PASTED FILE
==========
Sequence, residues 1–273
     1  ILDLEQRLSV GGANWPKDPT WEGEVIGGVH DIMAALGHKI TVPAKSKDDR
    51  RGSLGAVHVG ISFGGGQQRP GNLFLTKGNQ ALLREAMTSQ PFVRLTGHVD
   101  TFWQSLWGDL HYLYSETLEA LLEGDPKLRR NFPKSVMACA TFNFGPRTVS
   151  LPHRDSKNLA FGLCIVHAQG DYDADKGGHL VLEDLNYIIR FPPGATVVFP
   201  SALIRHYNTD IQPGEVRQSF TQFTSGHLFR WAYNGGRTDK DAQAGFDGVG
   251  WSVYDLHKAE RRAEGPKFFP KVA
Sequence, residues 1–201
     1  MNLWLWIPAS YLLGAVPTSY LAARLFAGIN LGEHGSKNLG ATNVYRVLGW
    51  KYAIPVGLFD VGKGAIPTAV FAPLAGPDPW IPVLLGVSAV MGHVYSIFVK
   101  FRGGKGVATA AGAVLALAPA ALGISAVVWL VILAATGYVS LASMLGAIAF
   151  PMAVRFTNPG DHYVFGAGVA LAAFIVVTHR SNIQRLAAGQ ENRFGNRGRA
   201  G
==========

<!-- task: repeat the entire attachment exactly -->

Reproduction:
Sequence, residues 1–273
     1  ILDLEQRLSV GGANWPKDPT WEGEVIGGVH DIMAALGHKI TVPAKSKDDR
    51  RGSLGAVHVG ISFGGGQQRP GNLFLTKGNQ ALLREAMTSQ PFVRLTGHVD
   101  TFWQSLWGDL HYLYSETLEA LLEGDPKLRR NFPKSVMACA TFNFGPRTVS
   151  LPHRDSKNLA FGLCIVHAQG DYDADKGGHL VLEDLNYIIR FPPGATVVFP
   201  SALIRHYNTD IQPGEVRQSF TQFTSGHLFR WAYNGGRTDK DAQAGFDGVG
   251  WSVYDLHKAE RRAEGPKFFP KVA
Sequence, residues 1–201
     1  MNLWLWIPAS YLLGAVPTSY LAARLFAGIN LGEHGSKNLG ATNVYRVLGW
    51  KYAIPVGLFD VGKGAIPTAV FAPLAGPDPW IPVLLGVSAV MGHVYSIFVK
   101  FRGGKGVATA AGAVLALAPA ALGISAVVWL VILAATGYVS LASMLGAIAF
   151  PMAVRFTNPG DHYVFGAGVA LAAFIVVTHR SNIQRLAAGQ ENRFGNRGRA
   201  G